Distinct and gradient distributions of connexin26 and connexin30 in the cochlear sensory epithelium of guinea pigs

Hong Bo Zhao, Ning Yu

Research output: Contribution to journalArticlepeer-review

91 Scopus citations

Abstract

Connexin26 (Cx26) and Cx30 are predominant isoforms of gap junction channels in the cochlea and play a critical role in hearing. In this study, the cellular distributions of Cx26 and Cx30 in the cochlear sensory epithelium of guinea pigs were examined by immunofluorescent staining and confocal microscopy in whole mounts of the cochlear sensory epithelium and dissociated cell preparations. The expression of Cx26 and Cx30 demonstrated a longitudinal gradient distribution in the epithelium and was reduced threefold from the cochlear apex to base. The reduction was more pronounced in the Deiters cells and pillar cells than in the Hensen cells. Cx26 was expressed in all types of supporting cells, but little Cx30 labeling was seen in the Hensen cells. Cx26 expression in the Hensen cells was concentrated mainly in the second and third rows, forming a distinct band along the sensory epithelium at its outer region. In the dissociated Deiters cells and pillar cells, Cx30 showed dense labeling at the cell bodies and processes in the reticular lamina. Cx26 labeling largely overlapped that of Cx30 in these regions. Cx26 and Cx30 were also coexpressed in the gap junctional plaques between Claudius cells. Neither Cx26 nor Cx30 labeling was seen in the hair cells and spiral ganglion neurons. These observations demonstrate that Cx26 and Cx30 have a longitudinal gradient distribution and distinct cellular expression in the auditory sensory epithelium. This further supports our previous reports that Cx26 and Cx30 can solely and concertedly perform different functions in the cochlea.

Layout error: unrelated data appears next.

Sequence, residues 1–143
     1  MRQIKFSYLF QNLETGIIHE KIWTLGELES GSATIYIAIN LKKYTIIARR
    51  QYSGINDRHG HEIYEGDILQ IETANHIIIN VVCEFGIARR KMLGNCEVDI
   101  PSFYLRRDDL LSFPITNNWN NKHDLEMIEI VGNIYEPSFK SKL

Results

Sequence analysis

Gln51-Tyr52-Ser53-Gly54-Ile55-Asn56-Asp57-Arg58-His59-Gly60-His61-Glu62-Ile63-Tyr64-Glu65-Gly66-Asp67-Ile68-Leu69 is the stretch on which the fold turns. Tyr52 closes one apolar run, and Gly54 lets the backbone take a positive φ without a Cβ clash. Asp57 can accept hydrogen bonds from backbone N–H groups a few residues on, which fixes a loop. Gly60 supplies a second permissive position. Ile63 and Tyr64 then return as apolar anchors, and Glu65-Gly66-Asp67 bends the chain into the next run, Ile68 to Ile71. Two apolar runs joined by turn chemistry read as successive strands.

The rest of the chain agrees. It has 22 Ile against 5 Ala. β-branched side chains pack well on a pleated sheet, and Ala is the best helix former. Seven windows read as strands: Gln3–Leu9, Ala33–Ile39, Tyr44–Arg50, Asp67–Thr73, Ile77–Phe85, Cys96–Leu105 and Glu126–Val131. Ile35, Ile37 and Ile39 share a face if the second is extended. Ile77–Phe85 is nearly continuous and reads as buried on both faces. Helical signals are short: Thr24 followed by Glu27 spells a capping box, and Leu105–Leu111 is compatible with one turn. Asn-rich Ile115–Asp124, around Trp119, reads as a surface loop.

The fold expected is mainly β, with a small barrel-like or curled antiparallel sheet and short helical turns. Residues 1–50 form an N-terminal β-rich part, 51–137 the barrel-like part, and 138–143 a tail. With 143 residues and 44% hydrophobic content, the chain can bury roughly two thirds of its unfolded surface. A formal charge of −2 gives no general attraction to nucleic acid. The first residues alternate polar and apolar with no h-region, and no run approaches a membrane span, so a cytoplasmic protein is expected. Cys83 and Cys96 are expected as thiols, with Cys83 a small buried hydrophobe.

Original languageEnglish
Pages (from-to)506-518
Number of pages13
JournalJournal of Comparative Neurology
Volume499
Issue number3
DOIs
StatePublished - Nov 20 2006

Keywords

  • Cochlear supporting cells
  • Gap junction
  • Inner ear
  • Nonsyndromic hearing loss
  • Reticular lamina
  • Spiral ganglion

ASJC Scopus subject areas

  • General Neuroscience

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